There's a new category to consider if you ever plan to relocate: what the locals pay for their prescription drugs. Folks in San Francisco pay 18% above the national average; folks in Denver pay 33.8% below. Think about that – it’s close to a 52% range. (Yes, that’s what we said, too.)

These data, compiled by the prescription platform company GoodRx, were the result of a look at the top 500 scripts written in 30 of the country’s more populated cities. GoodRx pulled for publication the top 5 most expensive places and the 5 least most expensive places.

No Rhyme or Reason

The reasons cited for the differences? Cost of living, obviously. But GoodRx also mentioned that people are getting generics, which are cheaper, from places like Costco and Walmart, or getting 90-day supplies. Denver? Who knows? Maybe it has more big box stores.

Here are the 10 cities GoodRx listed on its site. The percentages cited are all above or below the national average drug price. Below are 5 most expensive cities for prescription medications:

  • San Francisco — 18.3% above
  • New York City — 17.2% above
  • Los Angeles — 15.7% above
  • New Orleans — 13.2% above
  • Milwaukee — 11.1% above

And these are the 5 least expensive cities for prescription medications:

  • Denver — 33.8% below
  • Houston — 20.9% below
  • Atlanta — 19.9% below
  • Cincinnati — 17.7% below
  • Salt Lake City — 16.3% below

Prices for Specific Therapies Also Out of Reach for Many

GoodRx also looked at those therapies that cost the most. Not one of them is for the common cold, or the common anything for that matter. Some are one-time only gene therapy treatments; most have to be given by a physician. One thing is clear though: without insurance, or the drug manufacturer’s copay assistance, these drugs – the cheapest, at $633,325 a year – are likely out of reach for most of us. You can find the list at the bottom of the story.

We can say out of reach because of a new report from the Commonwealth Fund that shows 2 in 5 working-age adults in this country did not have steady insurance coverage from January to June 2020. More than one-third had a rough time paying their medical bills. The survey included 4,200 working-age adults nationwide.

The Commonwealth Fund, a nonprofit organization that helps support health policy research, found:

  • 43% were either uninsured or had unstable insurance
  • 9.5% had coverage gaps
  • 21% were essentially underinsured because the out-of-pocket costs or the deductible, as compared to their income, were so high

The Pandemic Adds to Problems

The pandemic only added to these people’s insurance needs, said David Blumenthal, MD, president of the Commonwealth Fund. The survey found that in the last decade, the percentage of adults who had private insurance and who paid $1,000 or more for their deductible rose from 22% to 46%. "Even before the pandemic, people were struggling with inadequate health coverage and mounting medical debt. It has never been more important to ensure that all U.S. residents have affordable, comprehensive coverage to survive this pandemic and beyond," he said in a press release.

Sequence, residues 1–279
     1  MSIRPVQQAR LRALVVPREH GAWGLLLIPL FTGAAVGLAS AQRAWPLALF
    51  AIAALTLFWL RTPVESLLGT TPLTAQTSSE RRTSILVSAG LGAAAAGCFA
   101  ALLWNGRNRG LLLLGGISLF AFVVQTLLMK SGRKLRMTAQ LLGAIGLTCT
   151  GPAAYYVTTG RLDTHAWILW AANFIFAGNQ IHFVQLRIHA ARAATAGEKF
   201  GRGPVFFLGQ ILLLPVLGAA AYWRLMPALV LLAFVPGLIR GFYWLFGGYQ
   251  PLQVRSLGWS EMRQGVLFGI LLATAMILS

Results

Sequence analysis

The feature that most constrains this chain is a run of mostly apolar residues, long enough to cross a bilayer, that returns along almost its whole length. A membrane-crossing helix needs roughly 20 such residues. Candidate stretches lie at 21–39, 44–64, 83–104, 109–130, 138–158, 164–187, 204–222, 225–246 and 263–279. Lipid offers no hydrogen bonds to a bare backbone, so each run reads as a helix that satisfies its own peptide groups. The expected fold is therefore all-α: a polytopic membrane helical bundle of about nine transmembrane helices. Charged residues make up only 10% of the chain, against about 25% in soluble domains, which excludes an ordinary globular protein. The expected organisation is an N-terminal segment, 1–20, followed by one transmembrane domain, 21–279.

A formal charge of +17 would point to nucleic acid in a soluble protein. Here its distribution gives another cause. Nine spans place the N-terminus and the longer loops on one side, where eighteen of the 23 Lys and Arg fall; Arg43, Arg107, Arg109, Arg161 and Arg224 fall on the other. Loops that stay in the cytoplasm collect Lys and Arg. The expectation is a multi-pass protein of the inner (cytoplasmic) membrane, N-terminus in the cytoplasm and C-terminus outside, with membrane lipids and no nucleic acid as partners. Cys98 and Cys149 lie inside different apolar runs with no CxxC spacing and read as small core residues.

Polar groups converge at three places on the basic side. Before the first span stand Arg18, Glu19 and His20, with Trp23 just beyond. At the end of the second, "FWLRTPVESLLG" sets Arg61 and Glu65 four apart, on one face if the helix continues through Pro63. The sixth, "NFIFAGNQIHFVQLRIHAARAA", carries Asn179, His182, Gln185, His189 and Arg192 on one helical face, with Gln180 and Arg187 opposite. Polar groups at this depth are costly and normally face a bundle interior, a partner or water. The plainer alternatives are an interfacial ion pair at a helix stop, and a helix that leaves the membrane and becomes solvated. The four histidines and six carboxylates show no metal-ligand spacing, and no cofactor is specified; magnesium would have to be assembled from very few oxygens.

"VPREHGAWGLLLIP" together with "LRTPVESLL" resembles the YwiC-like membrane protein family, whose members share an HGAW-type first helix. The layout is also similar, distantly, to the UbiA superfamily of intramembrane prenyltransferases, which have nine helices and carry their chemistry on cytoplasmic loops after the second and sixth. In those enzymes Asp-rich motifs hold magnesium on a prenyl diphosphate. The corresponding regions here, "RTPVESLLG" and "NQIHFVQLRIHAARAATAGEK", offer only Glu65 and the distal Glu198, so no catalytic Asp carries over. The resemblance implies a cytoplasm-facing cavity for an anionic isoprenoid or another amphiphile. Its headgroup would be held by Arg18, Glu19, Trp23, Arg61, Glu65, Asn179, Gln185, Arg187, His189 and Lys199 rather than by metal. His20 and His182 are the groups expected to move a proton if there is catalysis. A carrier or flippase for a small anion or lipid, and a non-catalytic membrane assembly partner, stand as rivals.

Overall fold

Other findings included 25% of adults, who had an employer plan, were underinsured. An equal percentage, even if they had adequate coverage for 12 months, said they had trouble paying medical bills for the prior year.

And now for those drugs.

  • Zolgensma — $2,125,000 (AveXis) This 1-time dose gene therapy is for children under 2 with spinal muscular atrophy.
  • Myalept — $855,678 (Amryt Pharma) This is a hormone replacement medication for those with short bowel syndrome. Those with SBS normally need intravenous feedings at least 3x a week.
  • Luxturna — $850,000 (Spark Therapeutics) Another gene therapy treatment, the first FDA approval in its class, is indicated for certain blinding genetic diseases of the retina.
  • Folotyn — $793,870 (Acrotech Biopharma) An injection, Folotyn is approved for patients whose T-cell lymphoma has returned or just won’t go away.
  • Brineura — $716,040 (BioMarin Pharmaceuticals) Brineura is a approved to aid children diagnosed with Batten disease, a fatal neurological disorder. Injected into the fluid of the brain, the medication slows the disease’s assault on the child’s ability to crawl and walk.
  • Soliris — $678,392 (Alexion Pharmaceuticals) Soliris treats people with a particular type of a rare inflammatory process called NMO, or neuromyelitis optica. The myelins, the protective sheath around the nerves, are the most vulnerable to NMO.
  • Blincyto — $672,968 (Amgen) Blincyto is an immunotherapy treatment that works to get the patient’s own immune system to recognize and destroy the acute lymphoblastic leukemia cancer cells within it.
  • Ravicti — $664,092 (Horizon Therapeutics) This treatment contains nitrogen-binding molecules that attract the excess ammonia in the body of those patients with urea cycle disorders.
  • Lumizyme — $643,243 (Sanofi Genzyme) Lumizyme is a biweekly injection that treats Pompe disease, providing a replacement for a missing enzyme that normally breaks down sugars in the body, sugars that provide energy to an important muscular organ, like the heart.
  • Actimmune — $633,325 (Horizon Therapeutics) Another injection, Actimmune helps treat chronic granulomatous disease, an inherited disorder in which certain cells of the immune system are rendered useless, leaving the body susceptible to infections from some bacteria and fungi.